14th February 2022
Koalas are now endangered
The Australian government has changed the conservation status of the koala from vulnerable to endangered, due to its rapidly shrinking habitats and climate change.
Koalas are a national icon of Australia. They are well known worldwide – featured in advertisements, cartoons, games, and as soft toys – and are a major draw for the country’s tourism industry. Surveys have shown that about 75% of European and Japanese tourists place the koala at the top of their list of animals to see. Factors that contribute to the koala’s enduring popularity include its childlike body proportions and teddy bear-like face.
However, the koala is now facing an uncertain future. Its numbers have plunged, due to a variety of mounting threats from human activity. Loss of habitat is among the biggest factors, caused by the expansion of agriculture, housing, mining, roads, and other infrastructure; but is also the result of increasingly dire impacts of climate change and recent megafires that have devastated vast areas of forest. Hundreds are being killed each year by traffic, domestic pets such as dogs and cats, and garden pesticides getting into waterways. Chlamydia, a sexually transmitted disease, has also been spreading among the animals and causing blindness, pneumonia, infertility, and death.
When the koala fur trade began during the late 19th century, as many as 10 million koalas are thought to have existed in Australia. Since then, they have declined to a fraction of their historic range and numbers. Between 2000 and 2016, the states of Queensland and New South Wales bulldozed at least 885,000 hectares of forest and bushland that provided habitat for koalas, based on analyses of vegetation loss derived from satellite imagery.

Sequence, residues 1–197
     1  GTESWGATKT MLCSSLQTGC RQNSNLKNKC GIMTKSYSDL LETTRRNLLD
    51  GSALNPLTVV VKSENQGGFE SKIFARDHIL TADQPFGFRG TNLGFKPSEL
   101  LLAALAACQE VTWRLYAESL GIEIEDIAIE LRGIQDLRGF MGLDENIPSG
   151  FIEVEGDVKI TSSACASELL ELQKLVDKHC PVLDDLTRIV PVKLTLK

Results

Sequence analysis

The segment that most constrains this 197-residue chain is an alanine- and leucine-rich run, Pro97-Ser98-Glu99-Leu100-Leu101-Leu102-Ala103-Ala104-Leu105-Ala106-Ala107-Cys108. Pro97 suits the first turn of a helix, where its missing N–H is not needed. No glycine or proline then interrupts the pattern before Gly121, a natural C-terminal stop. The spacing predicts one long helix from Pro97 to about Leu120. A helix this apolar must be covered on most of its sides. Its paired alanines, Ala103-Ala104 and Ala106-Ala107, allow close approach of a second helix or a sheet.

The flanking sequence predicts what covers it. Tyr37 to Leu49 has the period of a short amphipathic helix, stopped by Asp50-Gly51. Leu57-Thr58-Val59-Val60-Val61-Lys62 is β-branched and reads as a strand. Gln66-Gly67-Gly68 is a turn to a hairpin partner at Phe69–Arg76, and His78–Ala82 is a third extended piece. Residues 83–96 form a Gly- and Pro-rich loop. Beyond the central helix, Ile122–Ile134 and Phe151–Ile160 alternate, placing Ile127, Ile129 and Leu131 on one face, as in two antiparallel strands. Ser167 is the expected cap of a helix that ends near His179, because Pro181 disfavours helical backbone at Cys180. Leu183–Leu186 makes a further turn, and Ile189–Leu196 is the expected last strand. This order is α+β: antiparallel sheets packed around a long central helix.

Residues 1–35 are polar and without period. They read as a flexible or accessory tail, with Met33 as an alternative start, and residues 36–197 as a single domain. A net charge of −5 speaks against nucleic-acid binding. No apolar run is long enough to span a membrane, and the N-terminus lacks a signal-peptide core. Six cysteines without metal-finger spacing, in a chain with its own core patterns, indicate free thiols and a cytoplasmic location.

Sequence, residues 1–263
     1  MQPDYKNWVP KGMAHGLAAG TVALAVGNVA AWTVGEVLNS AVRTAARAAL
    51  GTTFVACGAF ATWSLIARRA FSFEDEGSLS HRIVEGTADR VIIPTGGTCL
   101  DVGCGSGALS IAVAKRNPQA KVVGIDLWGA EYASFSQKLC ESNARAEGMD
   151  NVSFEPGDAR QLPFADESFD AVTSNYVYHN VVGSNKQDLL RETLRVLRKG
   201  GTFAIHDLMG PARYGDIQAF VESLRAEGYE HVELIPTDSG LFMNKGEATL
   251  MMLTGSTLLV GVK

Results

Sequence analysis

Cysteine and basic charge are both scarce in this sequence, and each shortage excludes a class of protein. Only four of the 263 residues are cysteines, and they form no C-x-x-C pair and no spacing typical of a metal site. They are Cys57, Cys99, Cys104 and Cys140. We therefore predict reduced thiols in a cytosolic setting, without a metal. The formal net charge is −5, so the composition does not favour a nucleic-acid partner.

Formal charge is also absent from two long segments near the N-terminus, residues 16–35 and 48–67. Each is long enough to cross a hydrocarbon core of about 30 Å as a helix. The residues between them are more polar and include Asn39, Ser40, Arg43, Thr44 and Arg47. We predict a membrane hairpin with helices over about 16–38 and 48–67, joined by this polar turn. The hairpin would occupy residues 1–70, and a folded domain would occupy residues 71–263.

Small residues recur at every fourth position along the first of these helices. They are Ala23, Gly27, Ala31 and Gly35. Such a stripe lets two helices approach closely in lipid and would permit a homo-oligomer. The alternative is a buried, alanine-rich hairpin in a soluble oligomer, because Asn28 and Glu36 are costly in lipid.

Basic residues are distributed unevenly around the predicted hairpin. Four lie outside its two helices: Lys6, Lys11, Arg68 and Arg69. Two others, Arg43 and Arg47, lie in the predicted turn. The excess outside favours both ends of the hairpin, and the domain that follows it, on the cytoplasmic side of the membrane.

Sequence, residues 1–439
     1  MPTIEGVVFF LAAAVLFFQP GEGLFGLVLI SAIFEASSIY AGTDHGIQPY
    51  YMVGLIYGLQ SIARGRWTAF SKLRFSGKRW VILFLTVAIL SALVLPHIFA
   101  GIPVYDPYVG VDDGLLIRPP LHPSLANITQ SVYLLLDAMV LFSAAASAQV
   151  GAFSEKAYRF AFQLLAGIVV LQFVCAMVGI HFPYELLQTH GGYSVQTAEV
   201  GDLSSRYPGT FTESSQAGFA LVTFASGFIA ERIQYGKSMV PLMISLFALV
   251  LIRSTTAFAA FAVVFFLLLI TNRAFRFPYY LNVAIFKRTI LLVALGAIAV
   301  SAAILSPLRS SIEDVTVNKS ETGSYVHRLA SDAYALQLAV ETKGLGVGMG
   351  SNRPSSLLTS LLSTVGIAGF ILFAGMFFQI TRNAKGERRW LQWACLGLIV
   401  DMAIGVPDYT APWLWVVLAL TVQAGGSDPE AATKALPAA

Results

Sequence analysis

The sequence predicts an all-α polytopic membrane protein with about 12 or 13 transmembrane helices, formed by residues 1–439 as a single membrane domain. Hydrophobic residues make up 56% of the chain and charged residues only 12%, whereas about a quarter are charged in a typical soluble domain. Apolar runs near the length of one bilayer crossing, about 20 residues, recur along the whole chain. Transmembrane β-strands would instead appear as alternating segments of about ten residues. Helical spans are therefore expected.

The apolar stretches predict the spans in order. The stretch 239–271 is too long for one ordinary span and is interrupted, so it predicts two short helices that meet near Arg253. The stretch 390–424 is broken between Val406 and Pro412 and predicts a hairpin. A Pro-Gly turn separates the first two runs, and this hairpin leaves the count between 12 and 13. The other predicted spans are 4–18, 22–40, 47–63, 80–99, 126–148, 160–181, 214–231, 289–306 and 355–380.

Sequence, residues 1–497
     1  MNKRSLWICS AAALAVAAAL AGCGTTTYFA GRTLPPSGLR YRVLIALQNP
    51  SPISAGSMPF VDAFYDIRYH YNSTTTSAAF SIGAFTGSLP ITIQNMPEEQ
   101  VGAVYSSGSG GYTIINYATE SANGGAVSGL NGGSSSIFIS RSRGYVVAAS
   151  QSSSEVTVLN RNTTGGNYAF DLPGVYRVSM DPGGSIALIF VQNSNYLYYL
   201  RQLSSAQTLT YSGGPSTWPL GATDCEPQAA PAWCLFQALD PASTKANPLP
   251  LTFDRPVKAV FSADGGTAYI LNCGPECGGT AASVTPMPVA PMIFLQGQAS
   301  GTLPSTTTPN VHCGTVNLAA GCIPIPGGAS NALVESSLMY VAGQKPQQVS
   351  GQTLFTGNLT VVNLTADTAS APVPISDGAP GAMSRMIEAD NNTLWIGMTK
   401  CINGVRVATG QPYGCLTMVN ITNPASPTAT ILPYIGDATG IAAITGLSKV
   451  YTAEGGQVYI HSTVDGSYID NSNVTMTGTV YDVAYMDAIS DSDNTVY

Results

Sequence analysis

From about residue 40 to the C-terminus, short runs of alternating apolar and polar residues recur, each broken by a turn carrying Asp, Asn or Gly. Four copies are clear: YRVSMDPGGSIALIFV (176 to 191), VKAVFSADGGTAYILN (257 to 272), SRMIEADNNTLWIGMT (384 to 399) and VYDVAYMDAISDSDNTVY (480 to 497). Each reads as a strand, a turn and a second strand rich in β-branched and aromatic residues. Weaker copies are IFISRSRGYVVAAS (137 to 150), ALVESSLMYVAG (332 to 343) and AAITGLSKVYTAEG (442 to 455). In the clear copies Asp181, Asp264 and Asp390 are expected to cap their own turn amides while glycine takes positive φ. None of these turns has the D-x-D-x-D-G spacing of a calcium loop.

Having previously classified the animal as “Least Concern” on its Red List, the International Union for Conservation of Nature (IUCN) uplisted the koala to “Vulnerable” in 2016. A report by the WWF in 2017 found a 53% decline per generation in Queensland and a 26% decline in New South Wales.
Estimates of their exact numbers vary considerably, but the Australian government has just published a new detailed analysis, showing the rapid and ongoing decline of koala populations in Eastern Australia. Following the disastrous wildfires of 2019–2020, they have now dipped below 100,000 to approximately 92,000 and are projected to fall by another third in this region during the next decade, possibly reaching 63,000 by 2032.
The significant and immediate threats facing koalas have been recognised by Australia’s environment minister, who has uplisted the status of the iconic animal from Vulnerable to Endangered.
The decision follows a joint nomination by the International Fund for Animal Welfare (IFAW), Humane Society International (HSI) and WWF-Australia in April 2020 to Australia’s Threatened Species Scientific Committee. Koalas in Queensland, New South Wales and the Australian Capital Territory will now be classed as Endangered under national legislation and will gain elevated protections. This decision also recognises that the koala is one step further on the path to extinction, which may occur by mid-century, unless conservation efforts are stepped up.
“Koalas are an international and national icon, but they were living on a knife edge before the Black Summer bushfires with numbers in severe decline due to land-clearing, drought, disease, car strikes and dog attacks. The bushfires were the final straw, hitting at the heart of already struggling koala populations and critical habitat,” said Rebecca Keeble, Oceania Regional Director for the International Fund for Animal Welfare (IFAW).
“This decision is a double-edged sword. We should never have allowed things to get to the point where we are at risk of losing a national icon. It is a dark day for our nation. If we can’t protect an iconic species endemic to Australia, what chance do lesser known but no less important species have?
“This must be a wake-up call to Australia and the government to move much faster to protect critical habitat from development and land-clearing and seriously address the impacts of climate change.”
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